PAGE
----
What are Intellectual Property Rights in India?

When it comes to intellectual property rights in India, the law is quite clear regarding ownership. For a layperson, the confusion usually lies in the fact that intellectual property is intangible. Hence, how can there be ownership rights associated with it? But consider a scenario where there is a computer technologist, and he has developed a unique design for integrated circuits. His design can be easily copied, and it needs to be protected, and undeclared copying prevented. It cannot come under patent.  It then comes under intellectual property and will fall under the Semiconductor Integrated Circuits Layout Design Act, 2000. This way, undisclosed copying of the circuit design can be prevented. Some of the essential features of intellectual property rights in India are as follows:

1.Patents as an essential part of intellectual property

The discovery of anything new requires the need for a patent. With the help of a patent, you can prevent reverse engineering and prevent duplication. When you think about intellectual property,the first thing that you must understand is that it includes all discoveries made to revolutionize science, technology, and medicine. Say, for instance, a completely new drug is invented using new technology. Such a drug needs to be patented to prevent duplication. As India enters the global market and there is export and import of foreign drugs, medicines, and technology, the rights of these companies and corporate houses need to be protected with the help of these patent laws. India is a part of the TRIPS Agreement, which protects foreign companies and their intellectual properties.

2. Copyright Act

The Copyright Act is the oldest version of the intellectual property law. Consider a scenario where an author has written a play, a novel, or a similar literary creation. Any such literary creation is printed by a particular publishing house that pays the author royalty. Now, this transaction is protected under the Copyright Act. Any other publishing house printing the literary creation without the permission of the publishing house that has the printing rights will violate the Copyright Act. This is also a violation of Intellectual Property Rights. As a result, it can draw legal action from the publishing house and the author.

3. Protection of undisclosed information

This is a part of the intellectual property law if the information is not used for an unlawful act. If certain information is considered confidential, it can be kept as a secret as long as the person concerned is alive. This information can be related to property or finances. However, if the information is required in any legal case or considered crucial to solving an unlawful act, then the information must be divulged. If the information is otherwise divulged, it can be considered a breach of trust and legal action. These are usually considered in case of company secrets or while dealing with sensitive information.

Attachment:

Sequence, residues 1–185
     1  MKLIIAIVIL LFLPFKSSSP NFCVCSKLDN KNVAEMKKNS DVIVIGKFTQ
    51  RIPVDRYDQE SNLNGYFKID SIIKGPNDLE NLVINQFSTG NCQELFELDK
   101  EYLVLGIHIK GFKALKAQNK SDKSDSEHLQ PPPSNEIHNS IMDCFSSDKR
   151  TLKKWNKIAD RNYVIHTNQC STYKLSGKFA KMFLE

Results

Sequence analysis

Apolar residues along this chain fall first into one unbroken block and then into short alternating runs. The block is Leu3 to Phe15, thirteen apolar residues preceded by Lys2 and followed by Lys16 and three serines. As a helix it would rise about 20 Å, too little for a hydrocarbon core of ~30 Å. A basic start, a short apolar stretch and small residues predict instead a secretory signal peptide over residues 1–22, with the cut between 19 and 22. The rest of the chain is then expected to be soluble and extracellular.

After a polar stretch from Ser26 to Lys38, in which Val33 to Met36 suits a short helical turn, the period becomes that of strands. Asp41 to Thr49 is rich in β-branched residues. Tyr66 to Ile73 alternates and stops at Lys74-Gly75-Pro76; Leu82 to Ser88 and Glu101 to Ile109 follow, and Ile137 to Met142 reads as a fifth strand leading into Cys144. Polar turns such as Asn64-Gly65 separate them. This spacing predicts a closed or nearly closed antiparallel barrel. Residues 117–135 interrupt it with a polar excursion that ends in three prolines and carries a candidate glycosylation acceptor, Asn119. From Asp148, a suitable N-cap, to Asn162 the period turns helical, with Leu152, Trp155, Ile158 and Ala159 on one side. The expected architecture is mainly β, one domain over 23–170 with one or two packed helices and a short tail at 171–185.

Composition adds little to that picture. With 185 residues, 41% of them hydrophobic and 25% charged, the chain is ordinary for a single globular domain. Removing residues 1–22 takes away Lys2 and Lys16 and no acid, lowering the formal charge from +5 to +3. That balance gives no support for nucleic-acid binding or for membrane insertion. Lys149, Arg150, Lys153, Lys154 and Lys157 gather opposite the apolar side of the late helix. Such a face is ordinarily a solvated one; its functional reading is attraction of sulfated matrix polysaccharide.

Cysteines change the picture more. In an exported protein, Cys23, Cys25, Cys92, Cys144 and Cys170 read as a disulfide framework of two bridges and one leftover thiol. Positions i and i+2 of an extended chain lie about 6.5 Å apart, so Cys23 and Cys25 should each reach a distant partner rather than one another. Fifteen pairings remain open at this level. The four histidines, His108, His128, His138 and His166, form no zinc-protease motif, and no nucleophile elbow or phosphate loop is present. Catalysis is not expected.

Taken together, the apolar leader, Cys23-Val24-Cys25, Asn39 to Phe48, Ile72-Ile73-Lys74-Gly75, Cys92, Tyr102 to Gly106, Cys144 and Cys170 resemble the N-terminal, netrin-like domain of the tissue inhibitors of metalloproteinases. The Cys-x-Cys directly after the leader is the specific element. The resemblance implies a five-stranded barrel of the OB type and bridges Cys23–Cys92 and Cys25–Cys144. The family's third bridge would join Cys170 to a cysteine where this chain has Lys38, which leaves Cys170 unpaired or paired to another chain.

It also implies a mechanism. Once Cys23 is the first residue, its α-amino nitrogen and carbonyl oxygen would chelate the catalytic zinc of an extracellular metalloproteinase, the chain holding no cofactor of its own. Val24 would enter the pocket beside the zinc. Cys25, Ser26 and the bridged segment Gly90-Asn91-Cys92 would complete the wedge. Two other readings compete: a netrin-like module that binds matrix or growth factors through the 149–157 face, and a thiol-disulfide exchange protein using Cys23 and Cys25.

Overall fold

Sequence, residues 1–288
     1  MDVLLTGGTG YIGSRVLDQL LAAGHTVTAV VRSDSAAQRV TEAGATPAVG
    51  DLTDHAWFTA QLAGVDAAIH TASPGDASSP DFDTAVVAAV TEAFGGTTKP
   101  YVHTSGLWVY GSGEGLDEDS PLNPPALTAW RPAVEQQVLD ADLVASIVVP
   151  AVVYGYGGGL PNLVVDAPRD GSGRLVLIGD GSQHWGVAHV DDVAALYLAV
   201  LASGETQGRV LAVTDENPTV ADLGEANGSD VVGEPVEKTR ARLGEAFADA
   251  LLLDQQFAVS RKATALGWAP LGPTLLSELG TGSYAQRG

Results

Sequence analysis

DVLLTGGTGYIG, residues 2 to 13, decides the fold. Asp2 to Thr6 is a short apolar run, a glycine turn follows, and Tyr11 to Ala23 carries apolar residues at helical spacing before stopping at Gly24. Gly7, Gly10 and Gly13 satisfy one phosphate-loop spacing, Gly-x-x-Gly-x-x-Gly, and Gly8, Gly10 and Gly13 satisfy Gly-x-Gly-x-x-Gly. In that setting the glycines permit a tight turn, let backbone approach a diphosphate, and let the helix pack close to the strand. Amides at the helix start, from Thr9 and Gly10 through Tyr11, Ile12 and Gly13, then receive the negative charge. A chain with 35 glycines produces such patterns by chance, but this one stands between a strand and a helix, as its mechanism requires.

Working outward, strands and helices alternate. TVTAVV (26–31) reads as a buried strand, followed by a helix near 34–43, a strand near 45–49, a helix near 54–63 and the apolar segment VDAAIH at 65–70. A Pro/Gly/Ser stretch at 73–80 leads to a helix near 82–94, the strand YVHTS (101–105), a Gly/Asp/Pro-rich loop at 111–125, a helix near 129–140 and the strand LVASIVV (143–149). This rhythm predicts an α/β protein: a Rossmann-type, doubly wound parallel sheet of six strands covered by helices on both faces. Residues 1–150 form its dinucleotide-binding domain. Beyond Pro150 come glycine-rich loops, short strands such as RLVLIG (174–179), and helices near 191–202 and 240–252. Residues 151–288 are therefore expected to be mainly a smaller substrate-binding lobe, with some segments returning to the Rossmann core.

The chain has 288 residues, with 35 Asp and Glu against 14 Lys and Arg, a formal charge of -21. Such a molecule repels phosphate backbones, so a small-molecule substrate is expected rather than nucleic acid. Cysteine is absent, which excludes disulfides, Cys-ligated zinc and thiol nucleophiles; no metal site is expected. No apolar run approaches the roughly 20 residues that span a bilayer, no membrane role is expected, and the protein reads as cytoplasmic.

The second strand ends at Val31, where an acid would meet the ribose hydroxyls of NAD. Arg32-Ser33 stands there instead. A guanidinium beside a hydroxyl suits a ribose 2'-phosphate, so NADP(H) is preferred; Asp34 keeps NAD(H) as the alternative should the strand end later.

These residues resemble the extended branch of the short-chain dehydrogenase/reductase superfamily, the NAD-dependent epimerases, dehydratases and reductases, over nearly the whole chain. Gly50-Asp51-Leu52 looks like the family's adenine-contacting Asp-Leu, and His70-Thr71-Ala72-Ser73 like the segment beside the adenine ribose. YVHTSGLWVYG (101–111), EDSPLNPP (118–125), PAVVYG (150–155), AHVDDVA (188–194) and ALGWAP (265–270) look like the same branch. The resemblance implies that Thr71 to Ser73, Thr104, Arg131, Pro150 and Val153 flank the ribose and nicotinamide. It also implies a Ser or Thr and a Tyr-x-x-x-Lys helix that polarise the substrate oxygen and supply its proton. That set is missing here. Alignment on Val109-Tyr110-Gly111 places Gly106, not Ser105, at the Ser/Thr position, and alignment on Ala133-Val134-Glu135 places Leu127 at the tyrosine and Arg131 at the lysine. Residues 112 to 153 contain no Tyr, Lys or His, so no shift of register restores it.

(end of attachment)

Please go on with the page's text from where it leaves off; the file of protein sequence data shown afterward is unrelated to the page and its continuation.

4. Geographical indications

This came into effect on 15 September 2003. The objective of the ACT was to protect the origin of an item from a particular geographical location. If an item, especially a crop or produce, was being developed or sourced from a particular region in India, then it became necessary to protect its productivity. It became necessary to bring in this ACT after India became a part of the WTO. This is necessary to identify the origin, especially the geographical origin of the goods, to protect their genuineness.

When it comes to protecting intellectual property, the law is clear about identifying the origin of the goods. Without identifying the creator or the origin of the items, you cannot establish intellectual property. The objective of the law is to ensure you have rights as the owner of a property and you have rights as the creator of the unique item. This can create a unique technological item, a literary creation, or even an invention. When India entered the global market, such laws became necessary as foreign investors came with new and improved products already patented in foreign markets. Duplication had to be prevented in India. This necessitated the introduction of various statutes under intellectual property rights. These statutes are designed to protect the rights of the owners of these intellectual properties.

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